It’s not necessary for an attacker to use all eleven tactics across the top of the matrix. Rather, the attacker will use the minimum number of tactics to achieve their objective, as it’s more efficient and provides less chance of discovery. In this attack (shown in Figure 3), the adversary performs Initial Access to the credentials of the CEO’s administrative assistant using a spear phishing link delivered in an email. Once they have the admin’s credentials, the attacker will look for a remote system in the Discovery stage.

Figure 3 shows an example attack with techniques from each tactical stage of the attack.


Figure 3: A simple attack to steal sensitive files from the CEO can be accomplished in three steps using three tactics and techniques.


Let’s assume that they’re after sensitive data in a Dropbox folder to which the admin also has access, so there is no need to escalate privileges. Collection, which is the last stage, is performed by downloading files from Dropbox to the attacker’s machine.

Note that if using behavior analytics, a security analyst might detect the attack in process by identifying anomalous user behavior. For example, let’s say the admin clicked a link that no one in the company has ever clicked before, then the admin accessed a particular Dropbox folder at an unusual time. During the final stage of the attack, the attacker’s computer accessed the Dropbox folder for the first time. With behavioral analytics, these activities would be flagged as suspicious user behavior.

How Does MITRE ATT&CK Compare to Lockheed Martin’s Cyber Kill Chain?

Lockheed Martin’s Cyber Kill Chain®? and ATT&CK resemble each other in that both are models that define the steps an attacker uses to achieve their goal. Lockheed Martin’s Cyber Kill Chain identifies seven steps in an attack:

  1. Reconnaissance
  2. Weaponization
  3. Delivery
  4. Exploitation
  5. Installation
  6. Command and control
  7. Actions on objectives

ATT&CK has ten steps that make up an attack chain:

  1. Initial access
  2. Execution
  3. Persistence
  4. Privilege escalation
  5. Defense evasion
  6. Credential access
  7. Discovery
  8. Lateral movement
  9. Collection and xfiltration
  10. Command and control

In addition to more granularity in the attack chain tactics, ATT&CK delineates the techniques that can be used in each stage, whereas Lockheed Martin’s Cyber Kill Chain does not.

What Can Be Done with MITRE ATT&CK?

There are a number of ways an organization can use MITRE ATT&CK. Here are the primary use cases.

  • Adversary Emulation – ATT&CK can be used to create adversary emulation scenarios to test and verify defenses against common adversary techniques.
  • Red Teaming – ATT&CK can be used to create red team plans and organize operations to avoid certain defensive measures that may be in place within a network.
  • Behavioral Analytics Development – ATT&CK can be used to construct and test behavioral analytics to detect adversarial behavior within an environment.
  • Defensive Gap Assessment – ATT&CK can be used as a common behavior-focused adversary model to assess tools, monitoring, and mitigations of existing defenses within an organization’s enterprise.
  • SOC Maturity Assessment – ATT&CK can be used as one measurement to determine how effective a SOC is at detecting, analyzing, and responding to intrusions.
  • Cyber Threat Intelligence Enrichment – ATT&CK is useful for understanding and documenting adversary group profiles from a behavioral perspective that is agnostic of the tools the group may use.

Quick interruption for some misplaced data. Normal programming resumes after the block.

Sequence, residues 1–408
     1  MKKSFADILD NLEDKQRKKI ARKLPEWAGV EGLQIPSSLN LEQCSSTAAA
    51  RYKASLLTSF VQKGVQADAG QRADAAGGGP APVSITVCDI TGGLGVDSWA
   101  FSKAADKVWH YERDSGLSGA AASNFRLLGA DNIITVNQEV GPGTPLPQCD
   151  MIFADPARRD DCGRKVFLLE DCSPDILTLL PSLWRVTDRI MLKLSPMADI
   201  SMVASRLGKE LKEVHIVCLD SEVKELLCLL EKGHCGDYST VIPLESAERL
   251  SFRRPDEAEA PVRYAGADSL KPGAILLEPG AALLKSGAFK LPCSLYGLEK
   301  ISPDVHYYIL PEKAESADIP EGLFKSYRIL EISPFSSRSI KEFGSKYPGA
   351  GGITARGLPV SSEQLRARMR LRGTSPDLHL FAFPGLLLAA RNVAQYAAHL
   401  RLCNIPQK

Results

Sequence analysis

MITRE ATT&CK Framework Tools and Resources

Here is a list of tools and resources you can use to take advantage of the ATT&CK Framework.

ATT&CK Navigator
This is a free tool you can use to map your security controls to ATT&CK techniques. Specifically, you can add detective controls, preventive controls, and even display layers of observed behavior. The Navigator can be used online for simple models and scenarios, or downloaded and set up internally as a more permanent solution.
Direct link: https://github.com/mitre-attack/attack-navigator

MITRE Cyber Analytics Repository (CAR)
This is an analytics knowledge base provided by MITRE. It provides a large dataset of hypotheses, information domains which specify the context of the analytics (for example, host, network), references to specific ATT&CK TTPs, and pseudocode showing how the analytic can be implemented.
Direct link: https://car.mitre.org/

Caldera
An open source network security framework designed to emulate attacks and automate security responses. It can be used by red teams as well as incident responders. Its automated actions are based on the MITRE ATT&CK Framework.
Direct link: https://github.com/mitre/caldera

Red Canary Atomic Red Team
This open source tool can simulate hostile behavior mapped to the MITRE ATT&CK Framework. It is a simple test library that security teams can run to test their security controls. These are focused tests, which have few dependencies, and are defined in a structured format that can be used by automation frameworks.
Direct link: https://github.com/redcanaryco/atomic-red-team

Red Team Automation
This is yet another open source automation tool that can simulate malicious behavior based on MITRE ATT&CK tactics and techniques. It includes a Python script which can simulate over 50 tactics, with a compiled binary application that performs activities such as injecting processes and simulating beacons.
Direct link: https://github.com/endgameinc/RTA

Exabeam’s Relationship with MITRE ATT&CK

Exabeam security researchers participate in MITRE ATT&CK discussions and events. They have also contributed several new techniques that are pending publishing and researchers have performed extensive research on how to perform machine learning-based anomaly detection to effectively apply MITRE ATT&CK into the security analyst’s detection arsenal.

Exabeam will be adopting MITRE ATT&CK in the Exabeam Security Management Platform and Exabeam Cloud Security Services starting in 2019.